Science Fair Project Encyclopedia
Unintended consequences can be either
- positive, in which case we get serendipity or windfalls
- source of problems, according to the Murphy's law
- definitively negative: perverse effect, which is the opposite result to the one intended
The Law of Unintended Consequences holds that almost all human actions have at least one unintended consequence. In other words, each cause has more than one effect including unforeseen effects. The idea was originated by sociologist Robert K. Merton and is sometimes referred to as the Law of Unforeseen Consequences.
What causes this phenomenon
Much of this phenomenon is a result of the world's complexity.
The most common kind of unintended consequences arises from perverse incentives, a term for an incentive that has the opposite effect to that intended. See the article on perverse incentives for many examples of this.
Examples of high scale unintended consequences
Of course, unintended consequences are common in everybody's life, but some can impact the whole society. Here are some examples:
- In medicine unintended consequences are known as side effects. Most drugs have some side effects. As with other unintended consequences, these are often negative, but are sometimes beneficial; for instance aspirin, a pain reliever, can also help prevent heart attacks.
- The introduction of rabbits into Australia for sport led to an explosive growth in population, and led to rabbits becoming a major pest in Australia.
- "Prohibition", intended to suppress the alcohol trade, drove many small-time alcohol suppliers out of business, consolidating the hold of large-scale organized crime over the illegal alcohol industry.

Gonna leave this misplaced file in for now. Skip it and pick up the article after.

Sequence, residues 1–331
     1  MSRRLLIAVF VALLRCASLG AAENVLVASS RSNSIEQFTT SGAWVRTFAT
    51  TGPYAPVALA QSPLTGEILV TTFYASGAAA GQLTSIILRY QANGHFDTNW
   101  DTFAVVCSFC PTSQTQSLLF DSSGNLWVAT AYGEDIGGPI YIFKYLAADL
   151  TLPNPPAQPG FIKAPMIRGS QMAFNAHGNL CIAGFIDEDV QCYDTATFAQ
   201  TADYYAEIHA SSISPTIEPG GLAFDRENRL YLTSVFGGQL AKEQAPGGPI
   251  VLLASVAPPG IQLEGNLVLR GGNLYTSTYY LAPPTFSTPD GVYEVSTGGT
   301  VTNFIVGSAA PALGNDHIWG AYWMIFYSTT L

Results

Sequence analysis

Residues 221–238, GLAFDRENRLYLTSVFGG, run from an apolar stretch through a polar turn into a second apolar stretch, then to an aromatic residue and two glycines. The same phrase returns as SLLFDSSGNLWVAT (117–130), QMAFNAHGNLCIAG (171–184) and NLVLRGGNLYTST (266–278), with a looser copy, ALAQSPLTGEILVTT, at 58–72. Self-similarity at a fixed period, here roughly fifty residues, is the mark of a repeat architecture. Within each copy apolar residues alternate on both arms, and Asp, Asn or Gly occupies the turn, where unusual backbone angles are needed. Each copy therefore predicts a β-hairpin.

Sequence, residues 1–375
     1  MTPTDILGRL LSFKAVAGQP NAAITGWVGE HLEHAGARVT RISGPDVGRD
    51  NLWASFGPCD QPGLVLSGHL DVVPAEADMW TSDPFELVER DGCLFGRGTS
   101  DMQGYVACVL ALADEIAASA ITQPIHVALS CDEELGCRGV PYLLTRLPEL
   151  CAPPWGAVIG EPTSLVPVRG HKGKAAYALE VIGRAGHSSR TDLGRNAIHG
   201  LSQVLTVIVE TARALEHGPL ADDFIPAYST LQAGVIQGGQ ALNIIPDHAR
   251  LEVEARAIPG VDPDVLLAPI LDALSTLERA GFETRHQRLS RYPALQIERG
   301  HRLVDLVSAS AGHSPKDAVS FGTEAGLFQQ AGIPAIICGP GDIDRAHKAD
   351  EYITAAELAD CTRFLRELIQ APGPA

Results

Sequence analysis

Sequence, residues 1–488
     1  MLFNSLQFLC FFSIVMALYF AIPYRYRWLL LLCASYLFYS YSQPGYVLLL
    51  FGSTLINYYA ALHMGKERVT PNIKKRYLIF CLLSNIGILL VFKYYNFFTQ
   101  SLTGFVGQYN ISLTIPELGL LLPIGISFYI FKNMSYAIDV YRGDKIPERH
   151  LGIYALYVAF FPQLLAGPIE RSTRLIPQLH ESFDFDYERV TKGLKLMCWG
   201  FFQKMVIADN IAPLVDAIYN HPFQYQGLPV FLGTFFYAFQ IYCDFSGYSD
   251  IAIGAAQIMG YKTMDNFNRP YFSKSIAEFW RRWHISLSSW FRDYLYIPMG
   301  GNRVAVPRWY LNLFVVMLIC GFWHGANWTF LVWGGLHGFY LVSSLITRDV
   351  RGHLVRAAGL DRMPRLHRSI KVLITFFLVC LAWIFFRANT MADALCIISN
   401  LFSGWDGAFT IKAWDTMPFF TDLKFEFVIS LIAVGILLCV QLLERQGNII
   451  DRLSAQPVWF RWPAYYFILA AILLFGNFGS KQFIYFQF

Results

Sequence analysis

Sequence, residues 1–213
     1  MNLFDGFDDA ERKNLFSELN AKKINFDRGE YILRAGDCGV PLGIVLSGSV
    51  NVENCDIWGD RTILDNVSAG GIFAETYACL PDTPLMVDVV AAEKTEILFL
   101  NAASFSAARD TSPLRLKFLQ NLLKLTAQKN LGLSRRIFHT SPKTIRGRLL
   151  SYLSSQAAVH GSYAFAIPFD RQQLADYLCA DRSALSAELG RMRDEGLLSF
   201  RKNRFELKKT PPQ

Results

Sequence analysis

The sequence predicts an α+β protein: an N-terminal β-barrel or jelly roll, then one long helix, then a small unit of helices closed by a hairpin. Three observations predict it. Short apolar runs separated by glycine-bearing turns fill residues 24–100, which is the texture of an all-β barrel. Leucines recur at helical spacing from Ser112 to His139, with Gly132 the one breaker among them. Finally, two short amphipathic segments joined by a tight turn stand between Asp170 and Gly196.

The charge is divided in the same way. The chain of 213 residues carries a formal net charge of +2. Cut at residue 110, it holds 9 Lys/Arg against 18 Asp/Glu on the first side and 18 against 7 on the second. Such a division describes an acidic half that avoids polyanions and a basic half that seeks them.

- Sixty years later, the "War on Drugs", intended to suppress the illegal drug trade, has driven many small-time drugs dealers out of business, consolidating the hold of large-scale organized crime over the illegal drugs industry.
- The medieval policy of setting up large hunting reserves for the nobility has preserved green space throughout England.
- The wartime sinking of ships in shallow waters creates artificial coral reefs.
- In CIA jargon, "blowback" describes the phenomenon of supporting a foreign regime or terrorist entity, on the principle that your enemy's enemy is your friend, only to have it attack you, often with the weapons and resources you gave it. Examples include:
- Numerous attempts by governments to reduce accommodation costs by the introduction of rent controls has led to the unintended consequences of shortage of property and reduction in quality or even the creation of slums — rental property not being built or maintained.
- Controversial research, carried out by John J. Donohue and Steven D. Levitt and published in the Quarterly Journal of Economics, suggests that legalized abortion accounts for as much as 50% of the drop in national crime rates. As evidence, they cite the fact that states which legalized abortion before Roe v. Wade saw drops in crime earlier, and that high-abortion states saw greater drops in crime than low-abortion states. Most convincingly, they found that, "in high abortion states, only arrests of those born after abortion legalization fall relative to low abortion states."
- moral hazard
- Murphy's law
- Perverse effects of vaccination
- Unforeseen effects of species introduction
- Tomislav V. Kovandzic, John Sloan III, and Lynne M. Vieraitis. Unintended Consequences of Politically Popular Sentencing Policy: The Homicide-Promoting Effects of 'Three Strikes' in U.S. Cities (1980-1999). Criminology & Public Policy, Vol 1, Issue 3, July 2002.
- Atlantic magazine article: "Blowback"
- Observer article: Why 'blowback' is the hidden danger of war
- MSNBC article on Bin Laden and blowback
- Unintended Consequences
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